Size: 151 p 15 x 11 (cm)

                                                Here is a book which claims that it will have you complete an inkan in 30
                                                minutes:

                                                Title: 30 pun de dekiru! Ishi no Hanko koza
                                                ISBN: 4-938249-93-6

                                                This is a book which is likely to be the one that I have. Regardless, it
                                                should be interesting:

                                                Title: Tenkoku no Geijutsu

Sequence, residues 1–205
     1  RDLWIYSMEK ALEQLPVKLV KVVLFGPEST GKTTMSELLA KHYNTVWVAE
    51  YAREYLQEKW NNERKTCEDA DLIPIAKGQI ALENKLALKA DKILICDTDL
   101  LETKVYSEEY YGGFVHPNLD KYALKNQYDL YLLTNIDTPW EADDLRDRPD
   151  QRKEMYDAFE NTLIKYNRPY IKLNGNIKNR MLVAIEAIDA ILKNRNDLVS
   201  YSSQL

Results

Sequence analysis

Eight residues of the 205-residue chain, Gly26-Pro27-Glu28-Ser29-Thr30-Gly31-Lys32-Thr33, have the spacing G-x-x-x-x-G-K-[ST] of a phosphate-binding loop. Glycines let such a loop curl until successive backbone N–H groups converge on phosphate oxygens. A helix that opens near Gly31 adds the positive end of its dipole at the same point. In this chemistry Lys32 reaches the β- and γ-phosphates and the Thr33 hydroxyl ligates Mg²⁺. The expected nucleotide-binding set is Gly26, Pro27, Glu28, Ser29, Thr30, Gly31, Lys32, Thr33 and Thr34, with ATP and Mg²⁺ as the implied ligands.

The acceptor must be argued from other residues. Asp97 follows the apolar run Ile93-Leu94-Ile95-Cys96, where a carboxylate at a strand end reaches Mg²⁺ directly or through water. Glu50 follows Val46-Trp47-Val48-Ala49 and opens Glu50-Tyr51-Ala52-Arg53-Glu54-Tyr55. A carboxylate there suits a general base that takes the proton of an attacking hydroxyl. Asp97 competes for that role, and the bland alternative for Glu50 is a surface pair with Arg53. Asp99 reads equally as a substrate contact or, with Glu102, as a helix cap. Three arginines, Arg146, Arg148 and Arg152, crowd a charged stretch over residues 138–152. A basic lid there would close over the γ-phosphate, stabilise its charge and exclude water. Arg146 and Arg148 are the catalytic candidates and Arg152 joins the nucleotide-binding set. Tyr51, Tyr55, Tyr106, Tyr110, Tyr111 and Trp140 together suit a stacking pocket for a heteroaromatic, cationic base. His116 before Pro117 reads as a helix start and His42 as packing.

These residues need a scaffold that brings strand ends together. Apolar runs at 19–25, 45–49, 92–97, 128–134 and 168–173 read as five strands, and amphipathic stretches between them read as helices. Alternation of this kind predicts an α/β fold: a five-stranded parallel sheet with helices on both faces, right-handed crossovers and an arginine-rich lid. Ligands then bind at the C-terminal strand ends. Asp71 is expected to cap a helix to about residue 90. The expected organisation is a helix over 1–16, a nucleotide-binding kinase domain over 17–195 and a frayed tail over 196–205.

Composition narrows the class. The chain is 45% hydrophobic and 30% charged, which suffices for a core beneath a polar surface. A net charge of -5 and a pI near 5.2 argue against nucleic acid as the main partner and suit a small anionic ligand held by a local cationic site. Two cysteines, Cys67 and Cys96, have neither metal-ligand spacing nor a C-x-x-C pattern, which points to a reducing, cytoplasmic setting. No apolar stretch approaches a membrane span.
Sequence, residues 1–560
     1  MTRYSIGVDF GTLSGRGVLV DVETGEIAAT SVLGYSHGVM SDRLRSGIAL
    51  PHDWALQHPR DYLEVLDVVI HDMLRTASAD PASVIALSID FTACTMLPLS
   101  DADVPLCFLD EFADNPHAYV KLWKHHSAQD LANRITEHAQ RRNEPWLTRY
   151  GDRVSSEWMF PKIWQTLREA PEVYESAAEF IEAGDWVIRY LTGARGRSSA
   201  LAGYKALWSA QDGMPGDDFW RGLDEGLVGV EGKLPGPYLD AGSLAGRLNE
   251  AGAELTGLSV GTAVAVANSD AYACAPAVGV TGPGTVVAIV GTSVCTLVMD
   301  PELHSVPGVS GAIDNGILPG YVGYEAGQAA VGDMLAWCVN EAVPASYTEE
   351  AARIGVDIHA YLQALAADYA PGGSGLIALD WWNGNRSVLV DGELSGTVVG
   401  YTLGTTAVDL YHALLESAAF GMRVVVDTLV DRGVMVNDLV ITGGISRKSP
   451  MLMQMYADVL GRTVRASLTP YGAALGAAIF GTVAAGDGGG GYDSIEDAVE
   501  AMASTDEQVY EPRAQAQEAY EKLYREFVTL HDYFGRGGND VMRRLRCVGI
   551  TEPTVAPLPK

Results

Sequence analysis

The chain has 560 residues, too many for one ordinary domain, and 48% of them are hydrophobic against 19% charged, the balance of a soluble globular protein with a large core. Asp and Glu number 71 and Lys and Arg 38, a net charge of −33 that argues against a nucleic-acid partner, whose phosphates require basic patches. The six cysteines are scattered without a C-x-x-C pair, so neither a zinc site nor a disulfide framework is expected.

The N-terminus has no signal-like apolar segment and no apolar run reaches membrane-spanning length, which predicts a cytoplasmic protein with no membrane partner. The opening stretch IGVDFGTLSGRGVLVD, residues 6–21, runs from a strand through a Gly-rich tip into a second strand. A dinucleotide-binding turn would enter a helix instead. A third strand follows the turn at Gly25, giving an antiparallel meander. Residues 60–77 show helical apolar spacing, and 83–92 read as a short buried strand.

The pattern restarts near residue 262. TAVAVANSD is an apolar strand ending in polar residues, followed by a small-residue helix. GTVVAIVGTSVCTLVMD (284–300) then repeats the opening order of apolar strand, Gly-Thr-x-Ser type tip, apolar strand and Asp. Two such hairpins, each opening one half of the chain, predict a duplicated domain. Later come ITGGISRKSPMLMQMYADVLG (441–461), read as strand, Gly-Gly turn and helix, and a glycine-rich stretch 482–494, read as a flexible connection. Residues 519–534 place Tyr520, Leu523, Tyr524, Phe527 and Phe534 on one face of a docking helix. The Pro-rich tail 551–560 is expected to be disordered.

Publisher: Shogakukan
                                                Size: 246 pÅ@19 x 13 (cm)
                                                ISBN: 4-09-387040-3 ; (1988/07)
                                                --

                                                Your Humble Servant
                                                Solveig Throndardottir
                                                Amateur Scholar

                                                +----------------------------------------------------------------------+
                                                | Barbara Nostrand, Ph.D. | Solveig Throndardottir, CoM, CoS |
                                                | deMoivre Institute | Carolingia Statis Mentis Est |
                                                | mailto:nostrand@... | mailto:bnostran@... |